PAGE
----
Distilling spirits is usually done by heating up the mash unfiltered at a certain temperature depending on the type of spirit you want to make. The temperature and timeframe will be stated on the instruction that came with your spirit making kit. If your mash contains less than 10% ABV alcohol, you’ll need to distil it twice. If contains more than 10% ABV though, you’ll need to distil it only once. High-grade mash needs to sit for at least 6 months before you dilute and bottle it. If you don’t have high-grade mash you can dilute the alcohol whenever you want.
When the alcohol has been distilled alongside the other compounds, it is time to dilute it. You can’t just bottle it as it is, as it’s going to be too strong. There are two options you can go with here – you can either dilute the alcohol right after distilling it or after you’ve stored it. Diluting it after you’ve distilled the alcohol is recommended unless you’re going to store your spirit in wooden caskets.
This is due to the fact that some amount of alcohol will evaporate through the cask’s walls and thus, alter the taste and strength of your spirit. Regardless, no matter whether you dilute the alcohol after storage or after distillation, you should never store it in plastic containers. Why? Well, because alcohol can eat away the plastic, no matter how strong it is. And in the case of hard liquor, it is going to be quite strong, which is why you should use glass, ceramic or stainless steel bottles instead.
Types of Spirits
Although you can find many different homebrew spirits, there are six spirits that are the foundation for every other spirit on the market. Vodka is one of them and it is derived (distilled) from either neutral grains such as corn and wheat or potatoes. You can also find vodka distilled from grapes and beets. With a neutral flavour profile vodka usually has between 30 to 50% ABV.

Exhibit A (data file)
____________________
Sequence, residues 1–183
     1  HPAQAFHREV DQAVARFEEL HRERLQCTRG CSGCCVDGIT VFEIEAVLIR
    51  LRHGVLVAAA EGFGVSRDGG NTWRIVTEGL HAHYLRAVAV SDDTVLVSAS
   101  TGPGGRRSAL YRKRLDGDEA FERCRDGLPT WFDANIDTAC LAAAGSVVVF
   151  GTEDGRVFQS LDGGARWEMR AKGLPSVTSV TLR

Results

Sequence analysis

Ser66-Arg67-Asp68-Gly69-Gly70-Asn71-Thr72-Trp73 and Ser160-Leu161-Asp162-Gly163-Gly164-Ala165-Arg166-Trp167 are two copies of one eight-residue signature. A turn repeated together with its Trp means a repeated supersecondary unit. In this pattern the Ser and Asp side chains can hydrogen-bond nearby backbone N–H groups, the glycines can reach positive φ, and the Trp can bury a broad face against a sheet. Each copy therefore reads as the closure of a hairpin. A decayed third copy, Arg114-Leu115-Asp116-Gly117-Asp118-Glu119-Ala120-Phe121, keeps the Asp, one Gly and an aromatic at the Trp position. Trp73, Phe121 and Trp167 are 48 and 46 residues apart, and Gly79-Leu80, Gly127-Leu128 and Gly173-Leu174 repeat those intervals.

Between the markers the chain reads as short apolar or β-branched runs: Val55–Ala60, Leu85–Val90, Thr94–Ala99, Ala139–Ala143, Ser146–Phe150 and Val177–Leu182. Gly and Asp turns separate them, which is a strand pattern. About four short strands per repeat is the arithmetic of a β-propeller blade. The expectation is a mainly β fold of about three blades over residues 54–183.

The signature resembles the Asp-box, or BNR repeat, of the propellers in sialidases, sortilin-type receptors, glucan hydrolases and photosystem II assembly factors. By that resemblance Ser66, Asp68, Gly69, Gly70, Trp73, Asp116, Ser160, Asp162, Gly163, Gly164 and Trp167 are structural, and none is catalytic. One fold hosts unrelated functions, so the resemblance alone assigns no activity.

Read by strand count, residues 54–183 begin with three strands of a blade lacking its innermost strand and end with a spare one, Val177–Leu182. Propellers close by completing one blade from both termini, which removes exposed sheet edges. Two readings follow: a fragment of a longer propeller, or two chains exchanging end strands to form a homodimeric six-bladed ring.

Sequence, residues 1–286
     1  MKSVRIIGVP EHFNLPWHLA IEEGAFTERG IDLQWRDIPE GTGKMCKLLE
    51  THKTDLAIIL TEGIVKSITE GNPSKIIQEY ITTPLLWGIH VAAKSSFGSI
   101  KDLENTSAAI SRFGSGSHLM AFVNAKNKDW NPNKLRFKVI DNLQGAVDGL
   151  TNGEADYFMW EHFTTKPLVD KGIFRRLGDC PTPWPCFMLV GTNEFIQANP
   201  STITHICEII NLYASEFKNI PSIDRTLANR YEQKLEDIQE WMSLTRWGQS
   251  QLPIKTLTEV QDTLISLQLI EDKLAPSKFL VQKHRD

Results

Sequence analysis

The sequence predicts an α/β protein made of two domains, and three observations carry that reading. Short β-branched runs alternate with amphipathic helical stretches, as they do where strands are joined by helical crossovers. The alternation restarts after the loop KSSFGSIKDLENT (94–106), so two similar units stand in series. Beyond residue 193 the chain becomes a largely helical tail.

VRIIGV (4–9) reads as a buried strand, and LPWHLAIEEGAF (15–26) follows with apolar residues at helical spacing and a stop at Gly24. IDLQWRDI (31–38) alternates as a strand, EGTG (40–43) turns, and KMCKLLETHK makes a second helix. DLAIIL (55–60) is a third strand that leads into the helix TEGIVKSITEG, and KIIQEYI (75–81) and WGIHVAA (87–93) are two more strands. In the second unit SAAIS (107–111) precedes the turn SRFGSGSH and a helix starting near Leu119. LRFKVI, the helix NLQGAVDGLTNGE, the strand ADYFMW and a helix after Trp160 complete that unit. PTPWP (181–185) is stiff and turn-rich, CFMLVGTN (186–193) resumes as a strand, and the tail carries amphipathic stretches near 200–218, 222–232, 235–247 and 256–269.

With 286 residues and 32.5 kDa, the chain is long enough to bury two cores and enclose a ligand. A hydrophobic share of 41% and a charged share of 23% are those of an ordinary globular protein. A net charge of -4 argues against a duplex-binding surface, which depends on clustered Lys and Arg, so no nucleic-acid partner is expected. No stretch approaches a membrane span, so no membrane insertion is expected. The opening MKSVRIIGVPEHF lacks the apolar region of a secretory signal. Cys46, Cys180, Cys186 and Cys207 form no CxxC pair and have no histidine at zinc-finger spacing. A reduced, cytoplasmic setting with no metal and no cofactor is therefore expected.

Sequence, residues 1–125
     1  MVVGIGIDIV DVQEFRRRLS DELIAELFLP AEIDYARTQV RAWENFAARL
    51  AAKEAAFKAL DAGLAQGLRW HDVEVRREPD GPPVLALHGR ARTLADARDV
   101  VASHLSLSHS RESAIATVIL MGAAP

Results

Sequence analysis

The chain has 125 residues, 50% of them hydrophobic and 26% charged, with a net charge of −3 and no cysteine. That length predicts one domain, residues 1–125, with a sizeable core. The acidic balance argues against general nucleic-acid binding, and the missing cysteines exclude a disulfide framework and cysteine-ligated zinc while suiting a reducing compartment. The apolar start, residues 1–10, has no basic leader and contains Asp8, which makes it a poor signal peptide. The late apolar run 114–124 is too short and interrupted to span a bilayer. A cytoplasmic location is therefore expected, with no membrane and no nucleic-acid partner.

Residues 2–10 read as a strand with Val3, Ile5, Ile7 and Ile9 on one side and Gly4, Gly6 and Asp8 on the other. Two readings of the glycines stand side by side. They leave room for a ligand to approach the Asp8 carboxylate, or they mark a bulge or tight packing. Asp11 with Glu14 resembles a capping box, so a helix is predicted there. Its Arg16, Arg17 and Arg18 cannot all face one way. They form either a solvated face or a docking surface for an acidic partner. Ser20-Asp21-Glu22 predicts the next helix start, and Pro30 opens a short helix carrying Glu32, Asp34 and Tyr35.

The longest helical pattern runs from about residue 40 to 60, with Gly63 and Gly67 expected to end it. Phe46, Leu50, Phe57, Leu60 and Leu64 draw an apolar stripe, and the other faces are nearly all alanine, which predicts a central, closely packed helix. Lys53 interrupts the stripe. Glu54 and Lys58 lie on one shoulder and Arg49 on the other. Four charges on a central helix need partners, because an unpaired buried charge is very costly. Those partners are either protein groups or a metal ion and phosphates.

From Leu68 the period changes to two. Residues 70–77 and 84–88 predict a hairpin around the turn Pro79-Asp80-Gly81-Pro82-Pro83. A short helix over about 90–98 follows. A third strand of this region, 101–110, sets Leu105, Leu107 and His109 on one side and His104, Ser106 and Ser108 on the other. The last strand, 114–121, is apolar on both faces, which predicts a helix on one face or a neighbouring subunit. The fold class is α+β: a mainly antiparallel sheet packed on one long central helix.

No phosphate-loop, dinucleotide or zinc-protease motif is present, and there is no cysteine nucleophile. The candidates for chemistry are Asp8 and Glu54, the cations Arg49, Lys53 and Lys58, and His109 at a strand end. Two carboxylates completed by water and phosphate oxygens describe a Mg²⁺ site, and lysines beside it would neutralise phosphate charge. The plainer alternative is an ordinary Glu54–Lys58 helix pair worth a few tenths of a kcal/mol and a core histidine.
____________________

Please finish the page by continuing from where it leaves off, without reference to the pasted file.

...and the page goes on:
Probably the most beloved spirit worldwide, whisky is distilled from malted grains such as barley, rye, corn, and wheat. The ABV content of whisky varies from 40 to 50% while its flavour profile has oak undertones with a roasted base. Each style of whisky has distinctive characteristics.
Produced mainly in Mexico, the agave distilled spirit tequila has vegetal and spicy tones mixed in with semi-sweet tones. There are many different styles of tequila such as Anejo, Blanco, Reposado, Gold and more. The alcoholic content of tequila is the same as the one of whisky, varying from 40 to 50%.
If you enjoy the taste of wine, but also want to enjoy it in a spirit, then brandy is your best friend. Distilled from fruit such as apricot, cherry, grapes, apples, or peach, the flavour profile of brandy is fruity with a tone of burnt wine to it. The ABV content of Brandy is around 40%.
If you’re after something sweet to satisfy your tastebuds, consider rum. Distilled entirely from either sugar cane or molasses, rum has a flavour profile that is sweet, yet toasted. Like brandy, rum has a 40% ABV but overproof rums can reach up to 70% ABV.
With a piney aroma and taste, gin is the spirit to include in a cocktail due to this rather dry primary flavour. Gin is distilled from neutral grains like wheat, rye, corn, barley and flavoured with botanicals. Usually, the alcoholic content of gin starts at 40% and goes up to 47%.